The MSt in Islamic Art and Archaeology is a one-year degree which aims to provide tailor-made courses in order to train you at the beginning of your research in the history of Islamic art and architecture (to circa 1900) and in Islamic archaeology.
Before admission to this course, you will have demonstrated that you possess the necessary qualifications in Arabic or Persian or Ottoman Turkish to use primary sources in the original language for the study of Islamic art. You will have a supervisor who will guide your progress through the course and who will agree with you a programme of work and a timetable for each term of the course, including: general skills and research specific training, formal teaching and instruction, attendance at lectures and seminars, and regular meetings (normally at least twice per term) with your supervisor for detailed discussions on your progress.
You will be expected to attend tutorials, classes, lectures and seminars regularly, and tutors will give you regular assignments of written work. Tutors report to your supervisor on your progress at the end of each term, and the supervisor will write a formal report upon your work and progress during the term.
The final examination is taken at the end of the course and consists of four elements.
The first is a thesis of between 12,000 and 15,000 words in length (excluding bibliography), which should be equivalent to a substantial draft chapter or chapters of a proposed thesis for the MLitt or DPhil.
The second element is either a portfolio which introduces techniques to describe and analyse buildings and objects in a range of media (such as ceramics, epigraphy, manuscripts, metalwork, numismatics, and textiles) and which provide training with basic academic skills (such as presentation of work in a lecture or seminar, and writing museum display and book reviews) or a report or reports on practical work completed on an object or objects that will form part of a proposed thesis for the MLitt or the DPhil.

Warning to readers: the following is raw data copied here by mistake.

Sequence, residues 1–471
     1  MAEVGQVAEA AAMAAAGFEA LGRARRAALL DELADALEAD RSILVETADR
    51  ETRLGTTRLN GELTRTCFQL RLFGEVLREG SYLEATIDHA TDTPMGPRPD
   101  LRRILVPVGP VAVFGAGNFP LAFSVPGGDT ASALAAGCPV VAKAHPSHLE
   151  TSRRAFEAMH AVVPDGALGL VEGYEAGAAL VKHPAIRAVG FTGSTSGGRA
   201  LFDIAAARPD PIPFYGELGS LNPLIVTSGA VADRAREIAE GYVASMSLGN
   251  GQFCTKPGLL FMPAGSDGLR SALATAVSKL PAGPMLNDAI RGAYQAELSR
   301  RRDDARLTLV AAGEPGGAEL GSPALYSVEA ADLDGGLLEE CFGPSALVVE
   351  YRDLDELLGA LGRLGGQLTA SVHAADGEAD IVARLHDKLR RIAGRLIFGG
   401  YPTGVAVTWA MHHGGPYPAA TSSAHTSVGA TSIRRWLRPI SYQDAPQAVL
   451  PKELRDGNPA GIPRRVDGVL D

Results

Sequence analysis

The third and fourth elements consist of any one of the three options below:
- a. two examination papers, which may be any combination of language and non-language papers (a year-long survey course on Islamic art is among the available options);
- b. two essays of 5,000 to 7,000 words each, which may be any two of the following:
- an essay on the theoretical issues raised by the subject which the candidate is proposing for the thesis for the MLitt or DPhil;
- an essay discussing the historical or literary background, or the source material, relevant to the proposed thesis for the MLitt or DPhil; or
- an essay discussing the historical or literary background, or the source material, relevant to the proposed thesis for the MLitt or DPhil.
- c. one examination paper under (a) above and one essay under (b) above.
The allocation of graduate supervision for this course is the responsibility of the Faculty of Oriental Studies and it is not always possible to accommodate the preferences of incoming graduate students to work with a particular member of staff. Under exceptional circumstances a supervisor may be found outside the Faculty of Oriental Studies.
As a minimum, applicants should normally hold or be predicted to achieve the equivalent of the following UK qualifications:
- a first-class or strong upper second-class undergraduate degree with honours in a course with a substantial component of either Islamic studies, Islamic history, Middle Eastern history, or anthropology of the Middle East, or language and language-related degrees in Arabic, Persian or Ottoman Turkish.
For applicants with a degree from the USA, the minimum GPA sought is 3.5 out of 4.0.
If your degree is not from the UK, visit our International Qualifications page for guidance on the qualifications and grades that would usually be considered to meet the University’s minimum entry requirements.
Other qualifications, evidence of excellence and relevant experience
- You should also have a sound knowledge of Islamic history.
- Applicants are only admitted to the MSt in Islamic Art and Archaeology if they can demonstrate, through their academic record and the written work and references supplied with their application, both the intention and the clear potential to progress to a research degree.
Many graduates have pursued doctoral study in Oxford and elsewhere, and/or successful careers at universities, museums, and in business-related fields worldwide. Examples of alumni’s current positions can be found on the Khalili Research Centre’s website.